Mikhail Bulgakov, THE HEART OF A DOG, Harvill Press, 1999
I stumbled upon this beautiful edition outside an antique book store right across the street from the theatre and simply had to buy it. Look at the cover and the author-protagonist-correlation! To all the Nepper, Schlepper and Bauernfänger out there: I can easily be fooled into buying a book. Just make it look tempting. I’m a victim to artsy editions. The aesthetics of a book matter as much to me as the content. Naturally, this gem joined my comprehensive collection. Собачье сердце was written in 1925, in the aftermath of Lenin’s death and at the height of the NEP (a market-oriented economy policy and one of many revoultionary developments from Russian Empire to communist state. Imho, the Soviet Union is one of the most fascinating chapters in modern history. I recommend the introductory works by Jörg Baberowski, a historian specialised on the Soviet Union and the Stalinistic Terror. Fairly comprehensible to read, too.). The novella wasn’t (allowed to be) published until 42 years later, in 1987 – the year many great things saw the light of day. Me, for instance. But back to Bulgakov and 1925. His Twenties are not roaring, they are howling and barking and generally fairly miserable. At least Sharik, our furry protagonist is:
Drama queen much?
In the cold, cold winter night our story unfolds, professor Philip Philipovich – mind you, not a comrade, but a citizen, a gentleman even, a dog can smell that! – is also roaming the streets of Moscow and in the snowstorm’s whirlwind their paths cross and events take an unexpected turn for Sharik. For the better, it seems. Triggered, tempted and lured by a irresistebly deliciously smelling sausage, Sharik willingly follows him into his home, “absorbed by a single thought: how to avoid losing sight of this miraculous fur-coated vision in the hurly-burly of the storm and how to show him his love and devotion.” Life in Philip Philipovitch’s 7-room-apartment (7 rooms for 1 comrade – what an outrage for his Bolshevistic neighbours!) is quite the opposite of the proverbial dog’s life , and soon his mood shifts from despair to high self-esteem, pride, and a good deal of arrogance. It doesn’t take long and Sharik behaves like he owns the place and deserves his wonderful new life:
Damn, I wish I had that self-esteem.
[I gotta interrupt here for a very meta event. It’s 5am on a Friday morning and I’m watching Pointless on YouTube (skip to 28:07) while writing this and the categorie that comes up the second I start writing about a fictional dog is FICTIONAL DOGS. So meta.]
Of course, Philip Philipovitch really did pick up any stray mongrel and not the long lost dog of the tsar family and not as a random act of kindness either (sorry to break it to you, pal). Comrades and Comradesses: meet professor Philip Philipovitch, expert for rejuvenation and on the quest to unravel the secret of eternal youth. Sharik is his latest (or from where we currently find ourselves in my plot synopsys more precisely his next) project and will soon experience drastic change in life. An interspecies operation is about to happen! Frankendog or The Soviet Prometheus you might call it. And don’t give me that “it’s actually Frankenstein’s monster, not Frankenstein” speech, because if you actually read the book you’d know that Frankenstein is indeed more monster than the monster… However the Swiss are operating though (precise like a clockwerk and reliable like an army knife), Philip Philipovitch has his own technique. Halfway through the book, after nursing and caressing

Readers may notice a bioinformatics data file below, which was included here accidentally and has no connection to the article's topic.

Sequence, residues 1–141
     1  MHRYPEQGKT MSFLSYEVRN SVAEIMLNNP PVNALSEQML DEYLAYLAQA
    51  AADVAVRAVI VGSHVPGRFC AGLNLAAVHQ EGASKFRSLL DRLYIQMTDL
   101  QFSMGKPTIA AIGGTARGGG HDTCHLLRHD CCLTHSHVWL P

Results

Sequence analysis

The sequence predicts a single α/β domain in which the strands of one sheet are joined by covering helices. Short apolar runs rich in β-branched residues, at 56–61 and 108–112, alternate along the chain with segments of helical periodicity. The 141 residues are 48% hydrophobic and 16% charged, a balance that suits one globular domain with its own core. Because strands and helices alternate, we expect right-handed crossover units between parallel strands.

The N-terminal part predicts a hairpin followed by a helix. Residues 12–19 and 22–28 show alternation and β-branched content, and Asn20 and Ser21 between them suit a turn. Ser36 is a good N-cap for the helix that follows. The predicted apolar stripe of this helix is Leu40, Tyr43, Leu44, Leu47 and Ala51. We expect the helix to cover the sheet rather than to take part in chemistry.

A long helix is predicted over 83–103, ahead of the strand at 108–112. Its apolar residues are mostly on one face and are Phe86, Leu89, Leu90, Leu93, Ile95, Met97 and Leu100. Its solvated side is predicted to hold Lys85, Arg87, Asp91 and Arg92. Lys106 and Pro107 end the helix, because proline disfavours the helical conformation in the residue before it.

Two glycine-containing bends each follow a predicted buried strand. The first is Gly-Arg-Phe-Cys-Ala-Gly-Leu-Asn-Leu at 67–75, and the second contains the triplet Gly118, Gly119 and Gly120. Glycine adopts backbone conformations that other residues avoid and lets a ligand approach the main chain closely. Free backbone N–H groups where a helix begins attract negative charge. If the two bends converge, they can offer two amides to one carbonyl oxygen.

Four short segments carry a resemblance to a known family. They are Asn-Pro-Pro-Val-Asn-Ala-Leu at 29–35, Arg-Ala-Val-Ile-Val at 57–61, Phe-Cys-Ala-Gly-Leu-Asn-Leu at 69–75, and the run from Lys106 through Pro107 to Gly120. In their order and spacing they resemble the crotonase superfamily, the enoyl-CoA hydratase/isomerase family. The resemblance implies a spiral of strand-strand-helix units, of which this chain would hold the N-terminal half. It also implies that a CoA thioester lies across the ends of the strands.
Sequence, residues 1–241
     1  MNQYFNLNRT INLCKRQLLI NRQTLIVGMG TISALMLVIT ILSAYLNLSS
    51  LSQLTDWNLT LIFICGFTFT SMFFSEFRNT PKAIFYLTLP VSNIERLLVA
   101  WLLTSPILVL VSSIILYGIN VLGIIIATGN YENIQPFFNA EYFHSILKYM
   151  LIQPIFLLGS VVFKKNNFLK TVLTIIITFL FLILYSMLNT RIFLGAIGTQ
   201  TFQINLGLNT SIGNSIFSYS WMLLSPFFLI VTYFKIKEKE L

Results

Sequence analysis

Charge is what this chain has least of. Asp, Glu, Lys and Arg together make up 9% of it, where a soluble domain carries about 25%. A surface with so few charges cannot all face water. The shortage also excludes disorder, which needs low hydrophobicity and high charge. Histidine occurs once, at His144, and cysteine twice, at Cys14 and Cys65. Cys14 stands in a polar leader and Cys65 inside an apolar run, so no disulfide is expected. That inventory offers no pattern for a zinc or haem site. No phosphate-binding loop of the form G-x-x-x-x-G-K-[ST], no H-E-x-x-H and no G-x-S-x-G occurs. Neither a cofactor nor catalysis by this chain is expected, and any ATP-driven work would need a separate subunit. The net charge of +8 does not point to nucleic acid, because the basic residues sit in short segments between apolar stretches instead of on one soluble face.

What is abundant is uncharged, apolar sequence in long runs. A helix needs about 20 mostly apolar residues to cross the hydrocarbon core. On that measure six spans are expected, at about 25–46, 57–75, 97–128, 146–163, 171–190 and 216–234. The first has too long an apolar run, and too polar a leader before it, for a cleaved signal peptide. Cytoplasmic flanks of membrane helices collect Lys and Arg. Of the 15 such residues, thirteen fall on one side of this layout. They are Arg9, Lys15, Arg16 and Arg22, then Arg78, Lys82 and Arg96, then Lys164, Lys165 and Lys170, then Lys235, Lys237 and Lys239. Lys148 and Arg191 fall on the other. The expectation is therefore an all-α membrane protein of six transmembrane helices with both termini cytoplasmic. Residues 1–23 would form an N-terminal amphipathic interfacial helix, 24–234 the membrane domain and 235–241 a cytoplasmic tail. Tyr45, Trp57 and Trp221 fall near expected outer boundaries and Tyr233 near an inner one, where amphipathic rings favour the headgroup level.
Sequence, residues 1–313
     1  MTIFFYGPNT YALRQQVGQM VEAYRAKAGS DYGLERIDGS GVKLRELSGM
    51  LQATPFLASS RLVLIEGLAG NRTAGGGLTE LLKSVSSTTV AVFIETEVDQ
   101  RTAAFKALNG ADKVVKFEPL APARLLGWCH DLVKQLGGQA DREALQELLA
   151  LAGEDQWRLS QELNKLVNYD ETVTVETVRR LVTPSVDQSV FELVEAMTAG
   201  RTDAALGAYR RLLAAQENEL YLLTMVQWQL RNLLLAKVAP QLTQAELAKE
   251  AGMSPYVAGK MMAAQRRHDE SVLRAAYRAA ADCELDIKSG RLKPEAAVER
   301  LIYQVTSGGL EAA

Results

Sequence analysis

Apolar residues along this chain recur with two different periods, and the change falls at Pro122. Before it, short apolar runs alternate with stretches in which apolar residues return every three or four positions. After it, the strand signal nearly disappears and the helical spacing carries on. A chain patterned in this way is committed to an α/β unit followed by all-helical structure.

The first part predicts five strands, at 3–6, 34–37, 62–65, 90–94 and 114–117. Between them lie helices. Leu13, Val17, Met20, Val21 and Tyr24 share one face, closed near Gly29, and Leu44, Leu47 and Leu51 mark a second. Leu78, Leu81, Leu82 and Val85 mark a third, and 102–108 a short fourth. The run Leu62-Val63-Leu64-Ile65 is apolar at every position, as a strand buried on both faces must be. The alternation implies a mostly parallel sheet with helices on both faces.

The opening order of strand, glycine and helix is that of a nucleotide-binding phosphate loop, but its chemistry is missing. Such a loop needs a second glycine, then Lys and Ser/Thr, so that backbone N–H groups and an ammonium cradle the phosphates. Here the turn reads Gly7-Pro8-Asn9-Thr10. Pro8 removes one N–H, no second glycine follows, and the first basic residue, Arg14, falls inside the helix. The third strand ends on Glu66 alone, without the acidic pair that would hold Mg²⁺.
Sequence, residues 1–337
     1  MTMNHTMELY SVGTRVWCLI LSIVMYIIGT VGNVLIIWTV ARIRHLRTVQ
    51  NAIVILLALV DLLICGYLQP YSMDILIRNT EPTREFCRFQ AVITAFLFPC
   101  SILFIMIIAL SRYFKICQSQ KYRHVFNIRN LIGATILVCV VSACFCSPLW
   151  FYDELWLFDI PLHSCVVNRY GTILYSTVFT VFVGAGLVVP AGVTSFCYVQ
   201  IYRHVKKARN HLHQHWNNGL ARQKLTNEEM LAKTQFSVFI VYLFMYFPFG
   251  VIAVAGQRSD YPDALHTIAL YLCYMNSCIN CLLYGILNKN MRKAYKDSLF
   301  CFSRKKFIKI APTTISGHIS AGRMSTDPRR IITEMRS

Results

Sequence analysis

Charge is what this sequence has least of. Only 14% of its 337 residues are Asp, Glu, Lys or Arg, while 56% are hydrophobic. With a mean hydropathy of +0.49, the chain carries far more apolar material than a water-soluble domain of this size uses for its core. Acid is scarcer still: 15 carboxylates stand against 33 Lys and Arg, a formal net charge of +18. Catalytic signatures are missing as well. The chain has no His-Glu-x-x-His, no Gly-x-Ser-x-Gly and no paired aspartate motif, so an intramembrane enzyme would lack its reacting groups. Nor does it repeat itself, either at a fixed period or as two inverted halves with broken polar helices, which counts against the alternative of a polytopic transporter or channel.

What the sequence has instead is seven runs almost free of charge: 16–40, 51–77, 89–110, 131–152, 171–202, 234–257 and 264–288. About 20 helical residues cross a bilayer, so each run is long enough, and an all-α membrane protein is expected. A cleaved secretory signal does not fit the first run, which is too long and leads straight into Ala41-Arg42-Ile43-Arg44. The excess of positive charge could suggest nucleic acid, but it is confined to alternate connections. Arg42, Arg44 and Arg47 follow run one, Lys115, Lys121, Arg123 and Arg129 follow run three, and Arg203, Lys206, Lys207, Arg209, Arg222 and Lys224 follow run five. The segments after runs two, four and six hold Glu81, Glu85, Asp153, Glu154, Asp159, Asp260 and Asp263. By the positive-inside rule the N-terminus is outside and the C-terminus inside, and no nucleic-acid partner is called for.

Pooka Sharik to live up to his name (that translates as “little ball”), a fresh dead body, formerly known as Elim Grigorievich Chugunkin, 25, unmarried, sympathetic to the Party, plays the balalaika in bars, poor physical shape, enlarged liver (alcohol) is delivered to Philip Philipovitches door, ready to have his testicles and pituary gland removed and transplanted into a heavily sedated dog. For those who are as ignorant as me when it comes to the pink walnut in our head: that’s the part responsible for releasing hormones. Bulgakov was a medical doctor, so he knows what he’s talking about. Bulgakov was also an excellent writer, in case you hadn’t noticed. Ooow-ooow, I could I’d just copy and paste the whole text because there are so many mentionable sentences! But then you’d miss my wonderful comments on it and it’s too nice a book to own to read it online (and reading online is tedious unless its my blog of course) so I’ll go with an unusualy high percentage of quotes that is so out of proportion, if this was a term paper for a literature class, I’d fail it. The narrative perspective switches back and forth between an omniscient commentator, scientific observation protocols, and personal dog’s point of view which is a hilarious technique and adds to the general grotesque, brutal and brilliant deadpan humour consised onto 128 highly entertaining pages.
And now meet and greet the one and only, the hybrid, the medical miracle, the latest craziest creature in creation: Poligraph Poligraphovic Sharikov. Half-human, half-dog and not a pleasant company. He walks and talks – and sometimes the man barks indignantly – but really, he swaggers and swears. He’s an alcoholic bully with basic education and a weakness for chasing cats.
He’s the perfect allegory for the foredoomed dream of the the Soviet Übermensch, a Bolshevistic satire, a proletarian joke, a ridicule of the Russian Revolution. Needless to say, Philip Philipovitch is not amused by the outcome of this and the plot denses towards a drastic solution against the drunken bully without manners or etiquette. Philip Philipovitch went for Brian Griffith and got the fucked-up black sheep dog of the family instead. The Heart of the Dog is hilarious, on point and dead funny. Phantastic and preposterous.